Sometimes, home is on the volleyball court, which may explain why Leslie Akeo, Taylor Akana and Allie Yamashiro turned into all-time greats in the faraway Mid-Atlantic Athletic Conference.
The three Kamehameha graduates were honored as members of the MAAC’s 40th Anniversary women’s volleyball team. Akeo and Akana played at Siena. Yamashiro played at Manhattan.
“These three, their work ethic and resilience are the things that stand out,” Kamehameha coach Chris Blake said.
Akeo was a Star-Bulletin All-State Fab 15 selection as a senior in 2008.
At Siena, the 5-foot-4 freshman got on the court and led the team in digs, finishing eighth in the conference. In 2010, she played in all 31 matches and all 113 sets. Akeo was fourth in the MACC in digs (5.04 per set).
As a junior in ’11, she was named MAAC co-defensive player of the year and became the program’s all-time digs leader.
A year later, Akeo became the MAAC libero of the year and sparked the Saints to the MAAC championship match. She had 34 digs in a league final loss to Fairfield. She was also a two-time MACC All-Academic selection with a 3.72 grade-point average.
“For Leslie, she was always in the right space. She was able to see the perspective of the court, always in the right place at the right time. She was so fundamentally sound,” Blake said. “She was such a competitor as far as not only wanting to improve herself, but wanting the best for everyone. We were fortunate enough for her to come back and coach on our staff for a number of years.”
Akana caught the attention of Kamehameha coaches early on with her quickness and versatility. After leading the Warriors in a comeback win over Punahou for the state title, she was named most valuable player of the ’09 state tournament. She earned Star-Bulletin All-State Fab 15 honors, voted No. 2 by coaches and media.
“She was so quick. She made the team as a sophomore, the team with Kanani (Herring) Danielson, Bekah Torres and Jordan Meredith. She was so physically gifted, quick twitch, fast swing and so versatile,” Blake recalled. “First year, being able to learn from those players set her up for great success as she continued to mature and develop. Taylor was in the US Olympic pipeline. She had a lot of great training. When she began to realize how great she could be, we actually built our offense around her skill set to maximize her productivity and things she could bring to totable.”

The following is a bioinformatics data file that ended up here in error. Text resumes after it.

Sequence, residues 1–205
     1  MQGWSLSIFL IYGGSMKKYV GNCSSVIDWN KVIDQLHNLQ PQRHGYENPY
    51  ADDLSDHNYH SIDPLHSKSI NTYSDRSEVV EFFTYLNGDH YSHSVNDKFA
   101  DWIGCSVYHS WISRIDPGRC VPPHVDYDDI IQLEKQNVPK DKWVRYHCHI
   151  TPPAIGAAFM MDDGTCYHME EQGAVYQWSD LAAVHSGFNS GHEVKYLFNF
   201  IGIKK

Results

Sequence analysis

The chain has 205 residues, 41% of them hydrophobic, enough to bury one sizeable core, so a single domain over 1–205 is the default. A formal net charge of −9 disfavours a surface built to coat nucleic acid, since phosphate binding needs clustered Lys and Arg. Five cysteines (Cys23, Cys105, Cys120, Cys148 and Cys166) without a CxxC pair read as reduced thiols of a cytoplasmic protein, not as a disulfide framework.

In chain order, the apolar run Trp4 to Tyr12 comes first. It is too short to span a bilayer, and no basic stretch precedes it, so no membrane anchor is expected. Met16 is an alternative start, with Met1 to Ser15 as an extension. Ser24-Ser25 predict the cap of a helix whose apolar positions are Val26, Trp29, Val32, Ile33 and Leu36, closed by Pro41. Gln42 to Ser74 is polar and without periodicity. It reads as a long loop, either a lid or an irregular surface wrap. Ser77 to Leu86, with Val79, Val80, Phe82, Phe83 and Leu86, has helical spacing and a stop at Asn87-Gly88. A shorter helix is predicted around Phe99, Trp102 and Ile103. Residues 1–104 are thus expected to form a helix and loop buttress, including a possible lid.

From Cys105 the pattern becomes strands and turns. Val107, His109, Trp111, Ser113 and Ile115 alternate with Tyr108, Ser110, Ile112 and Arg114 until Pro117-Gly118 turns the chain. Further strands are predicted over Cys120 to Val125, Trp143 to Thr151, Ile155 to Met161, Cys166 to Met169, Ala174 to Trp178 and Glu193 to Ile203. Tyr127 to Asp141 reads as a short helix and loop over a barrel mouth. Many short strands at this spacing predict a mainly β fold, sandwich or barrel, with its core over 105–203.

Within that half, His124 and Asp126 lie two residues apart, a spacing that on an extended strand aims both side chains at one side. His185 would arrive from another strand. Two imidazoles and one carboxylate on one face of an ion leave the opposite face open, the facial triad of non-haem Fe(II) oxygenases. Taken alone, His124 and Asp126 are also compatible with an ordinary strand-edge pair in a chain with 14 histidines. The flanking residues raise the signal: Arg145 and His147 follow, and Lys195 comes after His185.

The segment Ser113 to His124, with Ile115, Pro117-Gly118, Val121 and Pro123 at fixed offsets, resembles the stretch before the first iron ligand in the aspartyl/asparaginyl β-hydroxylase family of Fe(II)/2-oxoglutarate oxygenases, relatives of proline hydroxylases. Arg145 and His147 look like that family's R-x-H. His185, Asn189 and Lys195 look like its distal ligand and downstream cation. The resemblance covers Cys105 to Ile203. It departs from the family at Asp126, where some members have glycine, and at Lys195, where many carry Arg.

The outside hitter made an impact at Siena as a freshman as the MAAC’s leader in kills. She was picked to the all-league second team.
As a sophomore, Akana was named MAAC offensive player of the year after leading the conference in kills (3.99 per set). A year later, as a junior, Akana became the fastest to accumulate 1,000 kills and 1,000 digs in MAAC history.
As a senior, she led the league in kills preset and had a career-high 31 aces. The 5-7 Akana was also one of 30 national senior class award candidates. She finished second in career kills (1,700) and fourth in digs (1,370), and was a two-time first-team selection. She graduated a semester early with a 3.82 GPA.
Yamashiro was a back-row gem for the Warriors during the early 2010s, then made an immediate with the Manhattan Jaspers. She was named to the MACC All-Rookie team in 2013 and went on to finish as the program’s all-time leader in digs (2,264). She set school records for matches (133) and sets played (502). She also ranks seventh in aces (152).
“The thing that I remember about her was she was so respectful, she was one of those players who looks you in the eyes when you’re speaking, nodded her head,” Blake said. “She had so much confidence within her skills, relied on her technical abilities, fundamentally sound. We were able to incorporate her into our defense so easily.”
Yamashiro was also a three-time MAAC All-Academic Team pick.
“When she was able to take the next step, because she was great in school as well,” Blake added.
The longtime coach led Kamehameha to its 10th state title in the last 15 years in 2019. The success of island volleyball players hasn’t surprised him.
“A lot of them just need opportunity. Allie was able to thrive and flourish. A lot of that is because of the strong support at home for all of them. Their families are a big piece of who they are. We were fortunate to be a part of their lives. Their drive and excellence is amazing. That’s a great honor for all of those players,” Blake said.
“That’s the Hawaii kid thing. They’re very respectful of their opponents, but they take the challenge to be able to compete. They’re raised on it and they’re humble in their approaches and let their work speak for itself,” he said. “There’s so much talent here in Hawaii when it comes to everything, but especially athletics. Volleyball is woven into the fabric of what we do here. A lot of these scholar-athletes grow up watching volleyball on the regular. Hawaii, for many sports, is a gold mine for many coaches who seek it out.
“They work so hard. They understand the idea of maximizing their potential. It’s hard to get seen by many of these coaches, but many of them are reluctant to pull the trigger because we’re far away. A lot of the questions I get are, are they willing to come to the East Coast,” Blake noted. “They persevere through a lot and represent not only our Kamehameha volleyball program, but the state, as well.”